By Jed Ngalande
University archeologist Laura Jones Ph.D. ’90 condemned Stanford’s past abuses of the indigenous Muwekma-Ohlone tribe and Chinese Americans at a Tuesday event. As Director of Stanford’s Heritage Services, Jones strives to balance the complexity of the University’s history with future initiatives.
In the past, the University has failed to educate its students and acknowledge the ways it has harmed the Muwekma-Ohlone people and Chinese Americans, according to Jones and Senior Associate Vice Provost for Undergraduate Education Gordon Chang. Jones said that when she was a Stanford graduate student in the 1980s, the university falsely claimed that the Muwekma-Ohlone tribe was extinct.
Presently, Jones leads the University’s partnership with the Muwekma-Ohlone tribe — especially in ongoing archeological projects. When speaking on her collaboration with the Muwekma-Ohlone tribe, Jones emphasized the importance of not speaking for them, but rather creating “platforms for them to speak.”
To this effect, Stanford renamed the academic Serra House, which previously honored the genocidal conquistador Junipero Serra, after the internationally renowned Native American psychologist Carolyn Lewis Attneave ’47 in 2019. When Stanford commemorated the name change, it began with the reading of a letter from the Ohlone tribe.
During the event, Chang also spoke out against the erasure of Chinese American railroad workers’ roles in building the nation’s first transcontinental railroad, from which Leland Stanford profited immensely.
To exemplify this erasure, Chang referenced the famous painting of Leland Stanford hammering in the final spike of the nation’s first transcontinental railroad. However, an actual photo of the event depicts a Chinese-American railroad worker wielding the hammer. While the real photo depicts a throng of working-class men nearly all of Chinese descent, the famous painting falsely shows a nearly all-white aristocratic cast.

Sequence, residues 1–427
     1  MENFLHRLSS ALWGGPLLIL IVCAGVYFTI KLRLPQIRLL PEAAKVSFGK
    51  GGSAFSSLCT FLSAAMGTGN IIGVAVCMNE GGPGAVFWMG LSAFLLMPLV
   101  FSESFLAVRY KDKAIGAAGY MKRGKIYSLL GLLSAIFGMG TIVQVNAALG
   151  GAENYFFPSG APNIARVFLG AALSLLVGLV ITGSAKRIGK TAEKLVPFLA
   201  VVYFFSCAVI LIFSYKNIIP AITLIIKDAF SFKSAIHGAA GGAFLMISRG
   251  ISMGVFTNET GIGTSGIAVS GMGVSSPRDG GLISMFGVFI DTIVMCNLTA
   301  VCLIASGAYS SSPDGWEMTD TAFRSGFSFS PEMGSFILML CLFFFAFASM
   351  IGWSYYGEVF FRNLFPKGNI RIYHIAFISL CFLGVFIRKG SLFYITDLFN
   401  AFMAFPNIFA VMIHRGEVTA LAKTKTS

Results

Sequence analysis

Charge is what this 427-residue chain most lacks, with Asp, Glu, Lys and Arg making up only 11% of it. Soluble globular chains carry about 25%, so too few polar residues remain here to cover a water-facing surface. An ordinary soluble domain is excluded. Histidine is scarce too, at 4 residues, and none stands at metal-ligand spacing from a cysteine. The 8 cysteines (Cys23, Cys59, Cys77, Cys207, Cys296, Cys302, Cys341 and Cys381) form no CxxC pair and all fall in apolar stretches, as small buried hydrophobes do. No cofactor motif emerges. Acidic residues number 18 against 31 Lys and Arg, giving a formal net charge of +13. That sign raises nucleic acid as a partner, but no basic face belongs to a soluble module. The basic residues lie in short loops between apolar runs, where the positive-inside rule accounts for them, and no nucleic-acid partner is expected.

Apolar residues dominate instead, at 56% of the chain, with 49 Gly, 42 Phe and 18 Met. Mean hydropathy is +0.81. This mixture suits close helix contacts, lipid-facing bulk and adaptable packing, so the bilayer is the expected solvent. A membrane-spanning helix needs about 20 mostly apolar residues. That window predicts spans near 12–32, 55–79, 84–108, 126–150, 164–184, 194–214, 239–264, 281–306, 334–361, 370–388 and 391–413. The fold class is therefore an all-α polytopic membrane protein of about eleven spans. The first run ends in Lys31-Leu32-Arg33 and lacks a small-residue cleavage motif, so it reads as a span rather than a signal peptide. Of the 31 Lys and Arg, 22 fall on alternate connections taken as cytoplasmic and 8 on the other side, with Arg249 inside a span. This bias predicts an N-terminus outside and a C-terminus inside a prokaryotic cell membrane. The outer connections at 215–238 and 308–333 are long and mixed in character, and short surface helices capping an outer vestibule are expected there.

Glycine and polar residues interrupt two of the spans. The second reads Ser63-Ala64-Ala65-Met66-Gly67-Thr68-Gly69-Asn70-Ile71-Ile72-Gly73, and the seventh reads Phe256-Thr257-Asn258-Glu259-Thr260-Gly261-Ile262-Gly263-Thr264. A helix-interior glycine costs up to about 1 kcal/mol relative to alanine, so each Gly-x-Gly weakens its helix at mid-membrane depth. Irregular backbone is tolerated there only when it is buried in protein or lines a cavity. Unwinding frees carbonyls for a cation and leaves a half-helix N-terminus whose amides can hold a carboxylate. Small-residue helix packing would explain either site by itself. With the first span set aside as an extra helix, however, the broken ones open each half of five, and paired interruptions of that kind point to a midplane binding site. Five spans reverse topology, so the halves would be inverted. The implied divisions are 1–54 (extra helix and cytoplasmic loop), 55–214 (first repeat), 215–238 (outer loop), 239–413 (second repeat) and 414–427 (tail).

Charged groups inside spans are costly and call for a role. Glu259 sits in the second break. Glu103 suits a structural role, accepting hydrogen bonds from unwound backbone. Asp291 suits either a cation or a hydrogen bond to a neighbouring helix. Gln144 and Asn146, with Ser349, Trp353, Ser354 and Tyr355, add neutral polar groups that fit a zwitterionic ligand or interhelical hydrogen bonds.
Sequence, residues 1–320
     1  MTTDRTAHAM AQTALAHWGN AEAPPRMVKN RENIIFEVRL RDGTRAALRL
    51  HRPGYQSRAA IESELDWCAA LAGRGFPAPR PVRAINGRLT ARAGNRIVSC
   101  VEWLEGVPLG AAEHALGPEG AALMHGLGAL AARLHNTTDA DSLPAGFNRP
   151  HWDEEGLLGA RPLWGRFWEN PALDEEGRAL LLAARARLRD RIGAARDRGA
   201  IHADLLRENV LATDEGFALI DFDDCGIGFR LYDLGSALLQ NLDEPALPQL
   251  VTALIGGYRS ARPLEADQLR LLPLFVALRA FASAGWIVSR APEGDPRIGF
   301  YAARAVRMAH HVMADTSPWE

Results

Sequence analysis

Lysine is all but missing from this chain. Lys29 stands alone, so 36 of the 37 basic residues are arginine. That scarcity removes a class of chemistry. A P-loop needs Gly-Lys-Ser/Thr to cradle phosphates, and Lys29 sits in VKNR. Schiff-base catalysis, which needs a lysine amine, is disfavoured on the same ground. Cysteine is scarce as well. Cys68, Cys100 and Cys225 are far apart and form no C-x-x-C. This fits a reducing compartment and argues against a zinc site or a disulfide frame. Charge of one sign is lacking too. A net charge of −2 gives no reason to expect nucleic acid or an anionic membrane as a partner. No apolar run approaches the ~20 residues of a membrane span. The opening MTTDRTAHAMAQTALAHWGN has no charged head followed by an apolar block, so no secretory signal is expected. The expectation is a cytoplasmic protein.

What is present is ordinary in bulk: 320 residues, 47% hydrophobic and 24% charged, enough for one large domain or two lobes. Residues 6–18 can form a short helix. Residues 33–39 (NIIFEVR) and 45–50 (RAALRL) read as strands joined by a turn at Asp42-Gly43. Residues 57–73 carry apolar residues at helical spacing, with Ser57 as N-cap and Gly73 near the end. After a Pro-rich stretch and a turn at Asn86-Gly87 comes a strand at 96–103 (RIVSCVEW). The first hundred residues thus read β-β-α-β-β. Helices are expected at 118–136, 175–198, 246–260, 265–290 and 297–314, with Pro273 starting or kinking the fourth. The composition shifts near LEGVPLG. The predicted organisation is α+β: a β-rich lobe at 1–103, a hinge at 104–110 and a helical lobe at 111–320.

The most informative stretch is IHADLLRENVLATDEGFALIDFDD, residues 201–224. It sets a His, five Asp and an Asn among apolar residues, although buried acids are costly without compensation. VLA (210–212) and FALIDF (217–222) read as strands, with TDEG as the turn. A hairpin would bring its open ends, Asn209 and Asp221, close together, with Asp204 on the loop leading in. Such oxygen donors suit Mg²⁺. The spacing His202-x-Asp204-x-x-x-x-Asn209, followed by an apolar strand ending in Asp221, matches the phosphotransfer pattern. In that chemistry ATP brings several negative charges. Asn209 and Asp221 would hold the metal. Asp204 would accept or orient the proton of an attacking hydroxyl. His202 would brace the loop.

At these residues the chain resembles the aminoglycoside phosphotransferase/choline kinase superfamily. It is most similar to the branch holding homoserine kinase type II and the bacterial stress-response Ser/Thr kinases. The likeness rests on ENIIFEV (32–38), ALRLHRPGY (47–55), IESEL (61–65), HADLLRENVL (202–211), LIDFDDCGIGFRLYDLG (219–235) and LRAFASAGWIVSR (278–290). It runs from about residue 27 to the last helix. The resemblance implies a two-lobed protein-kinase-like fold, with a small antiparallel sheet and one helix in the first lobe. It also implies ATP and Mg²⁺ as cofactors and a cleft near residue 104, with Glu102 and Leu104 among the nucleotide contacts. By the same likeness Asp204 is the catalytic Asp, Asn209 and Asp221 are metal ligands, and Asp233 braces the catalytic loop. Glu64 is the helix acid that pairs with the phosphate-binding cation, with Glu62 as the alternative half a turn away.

This kind of erasure has consequences, according to Chang, who cites the omission of Chinese Americans from historical narratives as a cause for “the stigma Asian Americans have to bear in the sense of being perpetual aliens.”
However, both Jones and Chang praised the University’s current efforts to correct these false narratives. Jones said that there are two core aspects to the University’s decolonizing project: the administration’s long-term commitment and student advocacy. Student activism has often initiated University action, according to Jones, who cited the specific example of student activism encouraging the repatriation of Stanford’s museum collections to the Ohlone tribe in the years 1987 and 1988 — before Congress required these actions in 1990 with the Native American Graves and Repatriation Act.
Jones stressed the importance of “recognizing the difference between a meaningful sincere engagement and superficial performative political correctness.” To this end, Chang gave credit to University leadership for the multiple renaming initiatives it has undertaken.
“These are issues of not just symbolism,” Chang said. “But of removing the honor that has been given to deeply problematic people and trying to find ways to create a more inclusive society.”
As for Leland Stanford’s legacy in particular, Jones said, “I’m always looking to make sure that we’re both telling the truth about who Leland Stanford was and where his money came from, and also telling the story of his redemption, of his regret, of giving his entire fortune to the children in California.”
Jones and Chang see direct acknowledgement of Stanford’s true history with the Ohlone tribe and Chinese Americans as necessary to strengthening future relationships with their communities.
“There’s a lot of ugly moments that are not worth celebrating,” Jones said. “But it’s also important not to forget them and not to ignore them.”